Judge revokes dairy permits

LIHUE — A judge Tuesday revoked all developer permits and approvals for construction of a dairy in Poipu, pending an environmental assessment.

Judge Randal Valenciano granted Kawailoa Development LLP’s motion for summary judgment against Hawaii Dairy Farms that would require HDF to follow Hawaii Revised Statutes 343.

“The suit was filed because the dairy farm was beginning development and build out of the farm without first obtaining an environmental assessment,” said Bridget Hammerquist, president of Friends of Maha‘ulepu, an opponent of the proposed dairy.

The statute requires an environmental assessment at a minimum, and possibly an environmental impact statement, because HDF has, as part of the dairy plant, a wastewater treatment unit that will hold an exceedingly amount of manure and effluent.

“The law requires when you have something like that — a large collection in the open — you must consider the potential impact to the environment, you must study its feasibility and put before the decision makers the factual findings from the environmental assessment,” Hammerquist said.

The ruling stems from a suit filed by Kawailoa Development LLP, owner of the Grand Hyatt Kauai Resort & Spa, and the Poipu Bay Golf Course — a landowner three miles away from the proposed dairy.

Kawailoa claims its business, recreational, environmental and aesthetic interests would be adversely affected by the wastewater treatment unit, the dairy farm and its effluent ponds.

It claims the harm could be avoided with the preparation of an environmental assessment to assess the effects of discharge, odors and other pollution that could diminish the properties, and pose a potential health risk to employees and guests, endangered species and the natural environment.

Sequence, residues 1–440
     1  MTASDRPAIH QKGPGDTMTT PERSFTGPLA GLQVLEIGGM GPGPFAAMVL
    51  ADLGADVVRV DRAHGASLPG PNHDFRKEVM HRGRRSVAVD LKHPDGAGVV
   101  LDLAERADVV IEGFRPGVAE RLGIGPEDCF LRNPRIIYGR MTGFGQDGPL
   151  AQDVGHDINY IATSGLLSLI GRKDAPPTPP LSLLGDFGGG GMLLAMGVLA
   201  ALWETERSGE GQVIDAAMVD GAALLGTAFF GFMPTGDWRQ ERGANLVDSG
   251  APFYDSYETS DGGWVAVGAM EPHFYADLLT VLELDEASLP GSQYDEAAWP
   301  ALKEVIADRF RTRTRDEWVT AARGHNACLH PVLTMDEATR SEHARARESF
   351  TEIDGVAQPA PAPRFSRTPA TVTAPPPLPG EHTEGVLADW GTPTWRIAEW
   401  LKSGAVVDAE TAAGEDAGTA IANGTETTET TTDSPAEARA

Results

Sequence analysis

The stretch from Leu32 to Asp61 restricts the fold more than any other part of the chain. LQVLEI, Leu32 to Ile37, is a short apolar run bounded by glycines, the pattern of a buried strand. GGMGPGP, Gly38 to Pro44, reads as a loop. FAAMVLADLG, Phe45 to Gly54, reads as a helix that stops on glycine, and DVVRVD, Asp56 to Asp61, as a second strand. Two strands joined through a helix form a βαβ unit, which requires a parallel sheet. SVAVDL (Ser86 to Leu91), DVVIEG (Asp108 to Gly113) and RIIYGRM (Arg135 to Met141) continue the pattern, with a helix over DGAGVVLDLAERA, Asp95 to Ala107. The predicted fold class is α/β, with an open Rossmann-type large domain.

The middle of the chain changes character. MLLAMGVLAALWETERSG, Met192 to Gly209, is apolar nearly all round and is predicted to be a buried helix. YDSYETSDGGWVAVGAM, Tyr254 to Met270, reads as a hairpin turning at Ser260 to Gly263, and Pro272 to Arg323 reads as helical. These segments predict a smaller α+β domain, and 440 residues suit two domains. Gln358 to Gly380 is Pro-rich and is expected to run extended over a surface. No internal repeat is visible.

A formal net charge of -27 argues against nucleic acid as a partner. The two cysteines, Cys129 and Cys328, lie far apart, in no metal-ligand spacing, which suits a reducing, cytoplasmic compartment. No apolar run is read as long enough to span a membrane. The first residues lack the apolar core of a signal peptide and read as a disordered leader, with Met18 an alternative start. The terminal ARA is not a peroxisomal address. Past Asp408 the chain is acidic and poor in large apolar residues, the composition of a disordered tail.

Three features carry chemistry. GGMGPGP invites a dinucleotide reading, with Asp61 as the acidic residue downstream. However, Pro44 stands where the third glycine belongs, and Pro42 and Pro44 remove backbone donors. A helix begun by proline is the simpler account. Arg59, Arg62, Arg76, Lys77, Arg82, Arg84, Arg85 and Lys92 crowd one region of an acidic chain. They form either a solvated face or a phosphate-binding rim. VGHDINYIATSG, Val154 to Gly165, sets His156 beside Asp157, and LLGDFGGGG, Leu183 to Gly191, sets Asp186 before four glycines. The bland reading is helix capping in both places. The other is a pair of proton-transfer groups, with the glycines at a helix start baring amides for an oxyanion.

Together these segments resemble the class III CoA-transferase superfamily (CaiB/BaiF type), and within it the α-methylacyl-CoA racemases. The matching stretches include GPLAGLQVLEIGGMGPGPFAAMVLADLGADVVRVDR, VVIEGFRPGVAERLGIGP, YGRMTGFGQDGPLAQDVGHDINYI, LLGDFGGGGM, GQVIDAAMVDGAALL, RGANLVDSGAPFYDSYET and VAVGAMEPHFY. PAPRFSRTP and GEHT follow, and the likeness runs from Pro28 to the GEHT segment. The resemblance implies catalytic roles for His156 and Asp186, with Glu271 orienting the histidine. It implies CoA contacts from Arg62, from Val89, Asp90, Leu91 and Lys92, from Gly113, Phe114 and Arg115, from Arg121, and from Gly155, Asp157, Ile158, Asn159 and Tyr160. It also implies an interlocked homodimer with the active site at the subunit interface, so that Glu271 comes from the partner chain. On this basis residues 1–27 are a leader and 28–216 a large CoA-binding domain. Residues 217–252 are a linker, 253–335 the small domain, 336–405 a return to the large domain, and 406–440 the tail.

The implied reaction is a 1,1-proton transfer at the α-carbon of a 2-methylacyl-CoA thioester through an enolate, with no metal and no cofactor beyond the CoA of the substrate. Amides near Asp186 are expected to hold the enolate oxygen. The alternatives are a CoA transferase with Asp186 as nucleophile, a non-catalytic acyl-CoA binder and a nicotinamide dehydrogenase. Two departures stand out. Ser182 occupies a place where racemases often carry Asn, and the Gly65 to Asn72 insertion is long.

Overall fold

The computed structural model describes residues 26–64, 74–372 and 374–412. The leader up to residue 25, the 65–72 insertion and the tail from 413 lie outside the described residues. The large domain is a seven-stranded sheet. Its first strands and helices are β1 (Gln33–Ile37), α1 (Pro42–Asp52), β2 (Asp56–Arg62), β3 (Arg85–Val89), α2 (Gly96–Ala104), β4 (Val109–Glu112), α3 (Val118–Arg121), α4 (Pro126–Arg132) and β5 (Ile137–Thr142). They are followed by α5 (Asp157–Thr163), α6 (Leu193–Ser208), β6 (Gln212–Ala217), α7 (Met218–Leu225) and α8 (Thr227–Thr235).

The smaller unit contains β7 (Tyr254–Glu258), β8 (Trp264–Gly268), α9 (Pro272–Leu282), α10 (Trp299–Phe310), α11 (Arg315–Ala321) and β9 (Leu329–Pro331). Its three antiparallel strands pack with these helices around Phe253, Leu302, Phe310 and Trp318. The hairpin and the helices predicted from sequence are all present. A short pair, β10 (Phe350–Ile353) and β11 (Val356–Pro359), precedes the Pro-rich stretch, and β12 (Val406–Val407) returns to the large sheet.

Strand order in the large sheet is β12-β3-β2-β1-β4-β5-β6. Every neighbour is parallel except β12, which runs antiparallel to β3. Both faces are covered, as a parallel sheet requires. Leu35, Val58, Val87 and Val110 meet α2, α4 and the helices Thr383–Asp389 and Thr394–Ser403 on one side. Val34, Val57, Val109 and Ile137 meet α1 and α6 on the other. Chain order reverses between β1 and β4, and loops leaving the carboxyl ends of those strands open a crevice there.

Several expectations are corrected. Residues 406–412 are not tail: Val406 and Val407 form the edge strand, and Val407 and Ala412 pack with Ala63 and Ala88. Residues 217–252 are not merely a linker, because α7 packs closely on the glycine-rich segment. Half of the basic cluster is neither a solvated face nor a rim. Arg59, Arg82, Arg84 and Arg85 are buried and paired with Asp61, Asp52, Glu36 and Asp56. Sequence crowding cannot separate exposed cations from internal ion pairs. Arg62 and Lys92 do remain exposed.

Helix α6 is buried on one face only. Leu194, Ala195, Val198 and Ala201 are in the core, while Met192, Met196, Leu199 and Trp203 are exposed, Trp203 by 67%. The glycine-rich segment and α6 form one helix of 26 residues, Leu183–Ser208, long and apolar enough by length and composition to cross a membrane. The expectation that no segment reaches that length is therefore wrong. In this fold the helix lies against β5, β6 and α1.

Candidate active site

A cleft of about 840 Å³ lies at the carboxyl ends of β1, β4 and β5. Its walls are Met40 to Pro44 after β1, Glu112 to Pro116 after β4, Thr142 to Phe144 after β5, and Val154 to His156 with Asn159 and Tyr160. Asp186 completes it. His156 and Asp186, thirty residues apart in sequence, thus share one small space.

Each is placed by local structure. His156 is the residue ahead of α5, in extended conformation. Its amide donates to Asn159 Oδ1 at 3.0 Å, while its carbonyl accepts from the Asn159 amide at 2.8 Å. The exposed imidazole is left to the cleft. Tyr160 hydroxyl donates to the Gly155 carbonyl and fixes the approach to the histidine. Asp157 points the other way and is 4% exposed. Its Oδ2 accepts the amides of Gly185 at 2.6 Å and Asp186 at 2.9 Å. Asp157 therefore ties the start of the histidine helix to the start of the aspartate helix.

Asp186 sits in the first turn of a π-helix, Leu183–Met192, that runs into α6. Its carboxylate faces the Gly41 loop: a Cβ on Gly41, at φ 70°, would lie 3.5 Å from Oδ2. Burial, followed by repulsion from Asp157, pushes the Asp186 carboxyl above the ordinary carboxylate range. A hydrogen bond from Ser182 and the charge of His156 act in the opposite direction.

HDF plans to develop a minimum 699-cow dairy on a 557-acre site in Mahaulepu Valley.

The rotational-grazing dairy system would use 100 percent of all manure on the site as natural fertilizer to grow grass, according to reports.

Hawaii Dairy Farms spokeswoman Amy Hennessey said HDF is “disappointed that the Fifth Circuit Court has effectively lumped our dairy into the same category as a wastewater treatment plant, thus setting a dangerous precedent for farmers and ranchers.”

“Today’s decision could force all future animal agricultural endeavors that are striving to be more sustainable and environmentally sensitive to produce an Environmental Assessment before beginning operations,” she said. “This environmental review has never before been required and would likely prove too onerous and expensive for the average farmer or rancher.”

HDF plans on appealing the decision.

“We are moving forward with our new Draft Environmental Impact Statement based on feedback from regulators, so this decision won’t affect us as much as it will affect smaller farming projects that cannot afford the increased costs from these new regulatory hurdles,” Hennessey said.

Valenciano said he’s not going to tell agencies how to decide, but he is going to tell them decisions should not be made until the administrative entities have the information the law wants them to have when it requires the environmental review, according to Hammerquist.

“We’ve been asking for this for as long as the owners of the Hyatt,” Hammerquist said. “We are very happy for them, with this result.”


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